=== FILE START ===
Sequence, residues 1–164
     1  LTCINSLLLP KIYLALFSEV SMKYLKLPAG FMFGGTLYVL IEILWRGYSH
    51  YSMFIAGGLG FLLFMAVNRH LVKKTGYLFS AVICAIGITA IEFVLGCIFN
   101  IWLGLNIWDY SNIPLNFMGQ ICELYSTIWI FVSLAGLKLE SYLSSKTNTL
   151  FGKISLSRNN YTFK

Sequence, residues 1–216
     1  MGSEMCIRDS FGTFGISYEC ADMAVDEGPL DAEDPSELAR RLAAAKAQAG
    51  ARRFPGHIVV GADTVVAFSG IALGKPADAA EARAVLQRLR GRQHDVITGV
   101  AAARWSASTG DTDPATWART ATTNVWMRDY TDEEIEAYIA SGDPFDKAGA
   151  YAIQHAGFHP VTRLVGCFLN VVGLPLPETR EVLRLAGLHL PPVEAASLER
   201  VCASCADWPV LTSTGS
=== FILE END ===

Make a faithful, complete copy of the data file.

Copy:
Sequence, residues 1–164
     1  LTCINSLLLP KIYLALFSEV SMKYLKLPAG FMFGGTLYVL IEILWRGYSH
    51  YSMFIAGGLG FLLFMAVNRH LVKKTGYLFS AVICAIGITA IEFVLGCIFN
   101  IWLGLNIWDY SNIPLNFMGQ ICELYSTIWI FVSLAGLKLE SYLSSKTNTL
   151  FGKISLSRNN YTFK

Sequence, residues 1–216
     1  MGSEMCIRDS FGTFGISYEC ADMAVDEGPL DAEDPSELAR RLAAAKAQAG
    51  ARRFPGHIVV GADTVVAFSG IALGKPADAA EARAVLQRLR GRQHDVITGV
   101  AAARWSASTG DTDPATWART ATTNVWMRDY TDEEIEAYIA SGDPFDKAGA
   151  YAIQHAGFHP VTRLVGCFLN VVGLPLPETR EVLRLAGLHL PPVEAASLER
   201  VCASCADWPV LTSTGS